Quaker Valley adopts formal policy on hiring of relatives

Wednesday, June 26, 2019 | 1:46 PM


A new policy in the Quaker Valley School District still permits the district to hire family members of the school board and administration.

However, under the policy, a board member or administrator cannot advocate for a family member’s hiring or promotion.

That’s how Quaker Valley has operated in the past, said Andrew Surloff, assistant superintendent. This just makes it official.

Board members June 17 unanimously approved the adoption of the policy that outlines rules for employment of family members.

“The policy is to maintain the current practice of being able to hire the best candidate,” he said. “The policy is there to make sure that what has always been a very transparent and ethical hiring process isn’t tampered with through inappropriate advocacy in the future, and the purpose is to be more transparent with the community about what the parameters are with respect to family members.”

Surloff said there were no incidents that prompted the policy.

“It was really more about taking existing practice and putting it in writing so that future boards and future administrators had sort of a road map of ‘This is what we involve ourselves in and this is what we don’t involve ourselves in,’” he said.

In reviewing policies of other districts as they worked on their policy, Quaker Valley leaders noted that across the region, policies on family members run the gamut, Surloff said.

“They are as loose as nothing to an all-out ban on all things family member,” Surloff said.

The Pennsylvania School Boards Association recommends in its policy guide districts should not employ a teacher who is related to a school board member, as defined by the Pennsylvania School Code, “unless such teacher receives the affirmative vote of a majority of all members of the board other than the member related to the applicant, who shall not vote,” spokesperson Annette Stevenson said.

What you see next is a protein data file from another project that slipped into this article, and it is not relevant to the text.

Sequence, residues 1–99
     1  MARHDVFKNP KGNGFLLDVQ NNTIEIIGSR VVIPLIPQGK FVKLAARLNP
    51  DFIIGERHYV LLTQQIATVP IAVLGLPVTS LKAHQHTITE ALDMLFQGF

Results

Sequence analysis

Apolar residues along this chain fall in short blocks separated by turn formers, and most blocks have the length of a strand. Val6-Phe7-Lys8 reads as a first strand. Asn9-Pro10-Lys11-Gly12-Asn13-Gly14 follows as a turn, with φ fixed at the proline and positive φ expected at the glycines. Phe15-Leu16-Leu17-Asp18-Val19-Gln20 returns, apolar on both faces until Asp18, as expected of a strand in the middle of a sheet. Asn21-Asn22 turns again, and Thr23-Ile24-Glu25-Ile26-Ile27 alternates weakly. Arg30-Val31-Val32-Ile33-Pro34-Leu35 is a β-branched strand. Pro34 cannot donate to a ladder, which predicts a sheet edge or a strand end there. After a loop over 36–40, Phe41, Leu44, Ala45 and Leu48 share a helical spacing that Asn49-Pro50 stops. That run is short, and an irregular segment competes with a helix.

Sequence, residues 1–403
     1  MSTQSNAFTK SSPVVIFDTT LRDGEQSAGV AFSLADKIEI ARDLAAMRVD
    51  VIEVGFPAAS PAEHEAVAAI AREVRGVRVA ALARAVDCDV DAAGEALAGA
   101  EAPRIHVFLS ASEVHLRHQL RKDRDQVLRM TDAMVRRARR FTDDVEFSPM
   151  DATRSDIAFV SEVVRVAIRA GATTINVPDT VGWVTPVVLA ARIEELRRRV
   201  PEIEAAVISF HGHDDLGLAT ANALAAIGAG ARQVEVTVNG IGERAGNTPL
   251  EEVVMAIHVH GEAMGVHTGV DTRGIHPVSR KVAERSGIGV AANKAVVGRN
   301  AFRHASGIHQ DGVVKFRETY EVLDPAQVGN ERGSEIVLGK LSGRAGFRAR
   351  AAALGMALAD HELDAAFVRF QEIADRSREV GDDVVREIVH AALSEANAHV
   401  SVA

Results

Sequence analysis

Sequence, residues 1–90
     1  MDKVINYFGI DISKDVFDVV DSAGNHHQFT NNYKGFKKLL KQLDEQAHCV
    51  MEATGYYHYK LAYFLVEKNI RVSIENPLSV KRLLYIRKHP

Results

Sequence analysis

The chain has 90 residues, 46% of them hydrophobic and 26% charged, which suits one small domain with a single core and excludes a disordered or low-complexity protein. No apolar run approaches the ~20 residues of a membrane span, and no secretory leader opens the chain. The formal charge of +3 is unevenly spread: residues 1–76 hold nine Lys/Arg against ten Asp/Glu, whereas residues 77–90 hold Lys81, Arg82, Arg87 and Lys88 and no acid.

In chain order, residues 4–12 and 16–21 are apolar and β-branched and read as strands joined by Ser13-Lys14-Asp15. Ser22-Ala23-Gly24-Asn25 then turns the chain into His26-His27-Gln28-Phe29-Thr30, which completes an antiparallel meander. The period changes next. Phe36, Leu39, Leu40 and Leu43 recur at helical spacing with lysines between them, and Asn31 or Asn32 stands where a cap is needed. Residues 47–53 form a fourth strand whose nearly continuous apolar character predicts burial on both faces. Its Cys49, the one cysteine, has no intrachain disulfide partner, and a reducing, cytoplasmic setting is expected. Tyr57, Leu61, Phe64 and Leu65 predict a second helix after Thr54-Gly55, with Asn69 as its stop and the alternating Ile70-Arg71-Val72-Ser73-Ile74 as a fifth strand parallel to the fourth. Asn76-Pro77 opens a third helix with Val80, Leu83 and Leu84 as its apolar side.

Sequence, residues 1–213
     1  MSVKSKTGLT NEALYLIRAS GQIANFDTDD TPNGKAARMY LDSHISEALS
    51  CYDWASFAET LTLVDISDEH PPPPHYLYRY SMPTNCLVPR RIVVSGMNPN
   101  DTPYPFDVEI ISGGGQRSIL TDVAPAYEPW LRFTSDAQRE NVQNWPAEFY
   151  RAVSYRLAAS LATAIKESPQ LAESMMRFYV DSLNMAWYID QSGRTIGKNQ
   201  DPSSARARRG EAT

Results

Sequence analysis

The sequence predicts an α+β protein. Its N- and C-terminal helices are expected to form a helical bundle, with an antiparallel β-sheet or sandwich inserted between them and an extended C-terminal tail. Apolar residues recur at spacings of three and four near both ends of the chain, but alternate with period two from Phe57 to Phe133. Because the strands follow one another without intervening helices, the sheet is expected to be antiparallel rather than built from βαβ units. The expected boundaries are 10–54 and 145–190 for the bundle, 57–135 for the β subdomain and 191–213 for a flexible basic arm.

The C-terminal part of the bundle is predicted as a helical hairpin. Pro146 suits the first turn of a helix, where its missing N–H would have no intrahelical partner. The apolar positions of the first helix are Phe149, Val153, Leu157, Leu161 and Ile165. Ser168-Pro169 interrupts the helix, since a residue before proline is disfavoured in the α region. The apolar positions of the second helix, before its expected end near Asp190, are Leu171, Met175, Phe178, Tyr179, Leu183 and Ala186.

Section 1111 of the Pennsylvania School Code outlines this requirement.

“This is the only provision in the law that directly relates to employment of family members,” Stevenson said. “There are school entities that have gone beyond the school code requirement and adopted policies addressing nepotism which more clearly delineate the standards for their school entity. Those policies are developed at the local level in consultation with their school solicitor.”

In Quaker Valley, leaders didn’t want to ban the hiring of family members, Surloff said.

“Sometimes they are the very best candidates. So the policy does not prohibit that. It prohibits influence and participation in the voting, approving and hiring,” Surloff said.

He noted a decline in teachers entering the field in Pennsylvania. “There are less people going into the profession. So to further limit quality candidates just based on that factor was something we wanted to not do and stopped short of,” Surloff said.

Sometimes finding a coach is hard and they might be a family member of someone else who works in the district, he said.

The crux of the policy is that, “Administrators and board members are prohibited from advocating for their family member’s hire,” Surloff said. “Advocating is trying to use their position for influence.”

If an administrator or a board member has a family member who is going through the hiring process, that administrator or board member is not allowed to partake in the process and the board member cannot vote on the hire.

The policy prohibits an employee from supervising their immediate family member.

“We do not want family members supervising other family members. That can create ethical problems,” Surloff said.

The onus falls on board members or administrators to disclose if they know a family member is being considered for hire.

Surloff said given Quaker Valley’s history and size, along with the decline in teachers in the state, he thinks this is the right policy for the district.

“It’s important that we are abiding by an ethical and transparent practice but not being overly prohibitive,” he said.